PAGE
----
# Help needed for pointer variable

#1

I was solving the question that prints primes up to a limit. I solved after looking at solution.
I couldn’t understand the use of pointers here.

`````` int prime;
int* sieve(int A, int *n) {

*n = A; // length of result array
int *result = (int *) malloc(*n * sizeof(int));
int i,j;
prime = 1;
prime = 1;
int k=0;
for(i = 2;i <=A; i++)
{
if(prime* == 0)
{

for(j=i*2;j<=A;j+=i)

prime[j] = 1;

}
}
for(i = 2;i <= A; i++)
{
if(prime*==0)
result[k++] = i;
*n = k;     //  PLEASE HELP ME UNDERSTAND THE USE OF THIS LINE
}
return result;
}
``````

I have commented the line I don’t understand.
Also, If I remove that line, I get array filled with 0s
Please help me here

#2

please provide full solution so I can understand your doubt.

#3

For a C++ program, the memory of a computer is like a succession of memory cells, each one byte in size, and each with a unique address. These single-byte memory cells are ordered in a way that allows data representations larger than one byte to occupy memory cells that have consecutive addresses.

This way, each cell can be easily located in the memory by means of its unique address. For example, the memory cell with the address 1776 always follows immediately after the cell with address 1775 and precedes the one with 1777, and is exactly one thousand cells after 776 and exactly one thousand cells before 2776.

When a variable is declared, the memory needed to store its value is assigned a specific location in memory (its memory address). Generally, C++ programs do not actively decide the exact memory addresses where its variables are stored. Fortunately, that task is left to the environment where the program is run - generally, an operating system that decides the particular memory locations on runtime. However, it may be useful for a program to be able to obtain the address of a variable during runtime in order to access data cells that are at a certain position relative to it.

*n is a pointer in this code which locates value stored at “A”.

Initially the value of all elements in “result” is zero. So if you remove that line your code always change the value of “result[k++]” and the value of “A” is always constant.

#4

I am assuming you know what pointers are and how they work. If not, please take a look here. In summary, a pointer stores the memory address of another variable. Which can be used to change the value of a variable from a different function, for instance.

The sieve function you have here is defined as `int* sieve(int A, int *n)`. It takes 2 arguments. `int A` is the limit upto which it finds all primes. `int *n` is the address of a variable sent to this functions, whose purpose is to store the count of all primes found (not mentioned in the code). The function returns an `int*` value, which is a pointer to the `result` array containing the primes found. The method is used as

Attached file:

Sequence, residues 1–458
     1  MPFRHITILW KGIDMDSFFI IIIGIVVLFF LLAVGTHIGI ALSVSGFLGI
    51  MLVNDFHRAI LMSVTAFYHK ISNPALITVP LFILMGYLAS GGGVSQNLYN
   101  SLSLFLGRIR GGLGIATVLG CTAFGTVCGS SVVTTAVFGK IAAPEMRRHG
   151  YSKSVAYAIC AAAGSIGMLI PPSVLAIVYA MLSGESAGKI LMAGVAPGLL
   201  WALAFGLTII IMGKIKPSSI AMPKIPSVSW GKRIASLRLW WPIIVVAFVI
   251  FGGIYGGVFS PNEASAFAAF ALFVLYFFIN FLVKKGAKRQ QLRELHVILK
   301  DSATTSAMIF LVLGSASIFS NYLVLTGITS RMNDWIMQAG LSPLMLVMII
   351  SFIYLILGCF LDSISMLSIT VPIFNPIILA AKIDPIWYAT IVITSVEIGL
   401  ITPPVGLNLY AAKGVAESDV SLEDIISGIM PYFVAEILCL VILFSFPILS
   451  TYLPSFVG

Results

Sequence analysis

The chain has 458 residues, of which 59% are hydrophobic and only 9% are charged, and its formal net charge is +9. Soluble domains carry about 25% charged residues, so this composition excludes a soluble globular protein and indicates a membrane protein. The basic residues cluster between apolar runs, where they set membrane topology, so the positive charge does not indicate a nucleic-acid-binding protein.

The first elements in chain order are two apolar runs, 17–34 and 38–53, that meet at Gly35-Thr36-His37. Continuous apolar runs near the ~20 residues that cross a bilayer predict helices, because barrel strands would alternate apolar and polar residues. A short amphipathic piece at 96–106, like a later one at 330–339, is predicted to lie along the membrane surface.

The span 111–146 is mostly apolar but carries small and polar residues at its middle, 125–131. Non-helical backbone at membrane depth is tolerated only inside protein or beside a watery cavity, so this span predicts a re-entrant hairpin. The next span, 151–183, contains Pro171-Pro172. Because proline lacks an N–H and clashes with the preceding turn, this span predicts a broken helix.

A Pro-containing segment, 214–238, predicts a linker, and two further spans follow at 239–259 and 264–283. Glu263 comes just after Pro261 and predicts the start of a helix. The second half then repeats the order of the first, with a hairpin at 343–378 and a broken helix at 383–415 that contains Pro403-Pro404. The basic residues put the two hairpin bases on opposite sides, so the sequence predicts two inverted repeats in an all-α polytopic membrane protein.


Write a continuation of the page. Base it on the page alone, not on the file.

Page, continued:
```int main(void) {
int cnt, i;  // cnt will store the number of primes found
int *res = sieve(100, &cnt);
//                     ^ here the address of cnt variable is passed to sieve function
for(i=0; i< cnt; i++)
printf("%d ", res*);
return 0;
}```

After the sieve function receives the value of the `cnt` variable as `int *n`, whenever `*n` is used it refers to the value of the `cnt` variable. In the first line of the code, `*n` is set to A. So the variable `cnt` in main gets set to A. Later while gathering the primes into `result`, `k` refers to the number of primes found. Each time a new prime is collected the count needs to be updated, so `*n` is updated to `k`.
If you delete this line, the `*n = A` line remains. So the value of `cnt` will be set to `A` and when `sieve` finishes execution it will remain `A`. As a result you will see `A` values while printing, where only `k` are primes and rest are 0 as provided by `malloc`.

I have tried to document the code it properly so that it’s easier to understand, here. Hope this helps, and do ask if something is not clear.

#5

*n = k;

updating a size of the usable data in result.

prime numbers are in between result and result[*n - 1].

#6

First of all, thanks for your efforts mate. It’s my mistake that I didn’t tell the use of *n, it is used to define the length of array. The line I have problem is *n = k. This is the part I didn’t understand.

#7

But there is one thing I don’t get, in my for loop, *n is getting changed alright but that *n is not getting used anywhere inside my loop still if I remove the value changes

#8

It’s not “`n=k`”, it’s “`*n=k`”. “`*n = k`” changes the value at the address stored in `n` to `k`. The address stored in `n` comes from the caller function, so that the sieve function can save the number of primes found in `*n`. I would suggest you read up on pointers further.